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Proposal for Suffolk referendum on water fee stalls in Albany

An advanced septic system that removes nitrogen from

An advanced septic system that removes nitrogen from water being installed at a home in Flanders last year.  Credit: Randee Daddona

A proposed ballot referendum that would raise up to $70 million a year for Suffolk wastewater projects through a water fee is struggling to gain traction in Albany, with the bill yet to get a sponsor in the State Senate and lacking support from County Executive Steve Bellone and county lawmakers.

Environmentalists are making a late push to pass the measure before the State Legislature adjourns June 19.

“This is the most urgent thing that government should be doing, and there’s absolutely no excuse for putting it off,” said Dick Amper, executive director of the Long Island Pine Barrens Society. “I don’t know how anyone thinks we can improve water quality if we don’t have a revenue stream.”

Adrienne Esposito, executive director of Citizens Campaign for the Environment, said, “There’s a distant chance of it happening this year, considering it’s not even introduced yet. … Each day, the chance that it gets introduced and passing fades a little more."

A bill introduced by Assemb. Fred Thiele (I-Sag Harbor) on May 3 would assess a per-gallon water charge to fund wastewater projects in the county, including nitrogen-removing septic systems, sewer expansions and wastewater treatment plant upgrades. It is supported by four Long Island environmental groups, including the Group for the East End and the Nature Conservancy on Long Island.

Advocates estimate the cost would be $60 to $70 annually for the median water user, though the Suffolk County Water Authority said the average household would pay $165 a year. An earlier proposal, to fund wastewater upgrades through a property tax charge, by collecting enough signatures to put it on the ballot, was dropped because of the cost of collecting signatures and deadlines.

Bellone and environmental groups have focused on nitrogen since 2014, when the county released an updated water resources plan and Bellone declared nitrogen “public water enemy No. 1.”

Excess nitrogen has been tied to algal blooms that have hurt shellfish stocks, reduced eel grass acreage and depleted oxygen levels in waters, according to environmentalists and academics. A study of the Great South Bay attributed nearly 70 percent of nitrogen to unsewered homes, although some experts and former county health officials say that more attention should be paid to other sources, such as fertilizers and storm runoff, rather than septic systems.

The Suffolk County Water Authority, which opposes the concept of collecting a fee on water bills for wastewater projects, has said nitrogen is not a top concern in drinking water.

To fight nitrogen, the county has been building a program to permit advanced septic systems, and some East End towns have been requiring installation of the new systems for new construction or expansion.

The major unanswered question has been how to fund the plans. Estimates to connect the two-thirds of Suffolk County homes not sewered have ranged from $7 billion to $8 billion.

Esposito said: "This is the toughest question. Where does the money come from?"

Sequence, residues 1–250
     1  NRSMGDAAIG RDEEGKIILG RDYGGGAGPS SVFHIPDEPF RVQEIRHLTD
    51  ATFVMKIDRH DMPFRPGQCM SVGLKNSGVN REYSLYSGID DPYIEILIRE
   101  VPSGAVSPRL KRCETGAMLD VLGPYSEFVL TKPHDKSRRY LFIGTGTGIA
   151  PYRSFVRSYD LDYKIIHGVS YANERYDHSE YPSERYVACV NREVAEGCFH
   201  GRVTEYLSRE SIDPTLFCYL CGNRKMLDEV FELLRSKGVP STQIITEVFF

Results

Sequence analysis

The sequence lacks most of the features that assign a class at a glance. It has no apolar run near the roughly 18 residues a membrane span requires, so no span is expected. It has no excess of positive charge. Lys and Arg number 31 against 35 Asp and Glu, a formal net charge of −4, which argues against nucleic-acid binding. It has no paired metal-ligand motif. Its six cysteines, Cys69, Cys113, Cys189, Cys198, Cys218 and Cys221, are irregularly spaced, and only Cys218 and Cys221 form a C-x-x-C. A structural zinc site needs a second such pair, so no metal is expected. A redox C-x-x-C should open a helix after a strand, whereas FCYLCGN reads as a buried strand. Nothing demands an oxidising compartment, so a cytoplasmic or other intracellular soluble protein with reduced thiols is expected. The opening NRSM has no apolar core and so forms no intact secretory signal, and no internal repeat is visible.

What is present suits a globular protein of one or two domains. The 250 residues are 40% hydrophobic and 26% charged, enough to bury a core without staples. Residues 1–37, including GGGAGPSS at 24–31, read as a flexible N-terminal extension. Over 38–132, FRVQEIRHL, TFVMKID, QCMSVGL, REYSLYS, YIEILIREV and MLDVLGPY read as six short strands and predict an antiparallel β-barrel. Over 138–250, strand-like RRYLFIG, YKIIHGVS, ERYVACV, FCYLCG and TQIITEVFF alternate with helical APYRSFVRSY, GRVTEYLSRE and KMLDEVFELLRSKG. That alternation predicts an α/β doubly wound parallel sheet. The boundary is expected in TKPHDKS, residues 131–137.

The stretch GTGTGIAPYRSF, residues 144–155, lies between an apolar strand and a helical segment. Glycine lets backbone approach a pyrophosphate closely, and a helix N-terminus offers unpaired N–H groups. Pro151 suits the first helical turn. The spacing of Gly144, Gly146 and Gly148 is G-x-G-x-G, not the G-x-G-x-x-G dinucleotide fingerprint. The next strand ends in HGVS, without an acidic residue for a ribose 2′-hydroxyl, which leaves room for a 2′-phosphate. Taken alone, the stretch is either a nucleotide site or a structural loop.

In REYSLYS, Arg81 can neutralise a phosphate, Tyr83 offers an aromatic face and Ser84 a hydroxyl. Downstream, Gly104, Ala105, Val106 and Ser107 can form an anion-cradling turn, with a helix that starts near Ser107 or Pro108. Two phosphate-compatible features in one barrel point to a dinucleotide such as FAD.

Environmentalists had been encouraged about the possibility of last-minute passage of the referendum after a May 24 meeting with Sen. John Brooks (D-Seaford). They said they left the meeting optimistic he would sponsor the bill.

Brooks, in an interview May 28, said: "I’m interested in the bill; I’m considering it. I will review it up in Albany and make a final decision."

Joe Agovino, the senator's spokesman, said this week that while Brooks is "interested in the idea of the bill, there are several items he would like to discuss before sponsoring an accompanying bill in the Senate."

Thiele last week said even if the measure passes this year, it is unlikely there would be enough time to get a referendum on the ballot in November, and a vote would likely take place in 2020 or 2021.

Still, he said, support from county elected officials would be needed. "For anything like this to move forward, there needs to be some indication from the county they want to move ahead with the bill," Thiele said.

Bellone, who is running this year for a third term, has declined to comment about the bill.

His spokesman, Jason Elan, would not answer questions about Bellone's position on the initiative. In a statement, Elan said the administration is focused on spending state and federal money for sewers and state grants for nitrogen-reducing septic systems — funding that totals nearly $400 million.

"Since it will take years to get this funding out the door, it is imperative that we remain focused on getting these projects to the finish line,” he wrote.

Amper, however, said that Bellone has told environmentalists he doesn't want a water-fee question on the ballot at the same time he is running for re-election. Elan did not respond to a question about Amper's assertion.

"How can he be Mr. Clean Water and not let the public decide?" Amper said. He said Suffolk voters have passed tax-carrying referendums to protect the Long Island pine barrens, and East End town voters have passed tax increases to protect the environment.

The Suffolk Legislature presiding officer, DuWayne Gregory (D-Copiague), said his position hasn't changed since March, when he expressed concern about the cost to homeowners.

Kevin McDonald, policy adviser for the Nature Conservancy on Long Island, said, "Things are extremely fluid, but nothing is trending our way right now." But, he added, "things are happening extremely fast."


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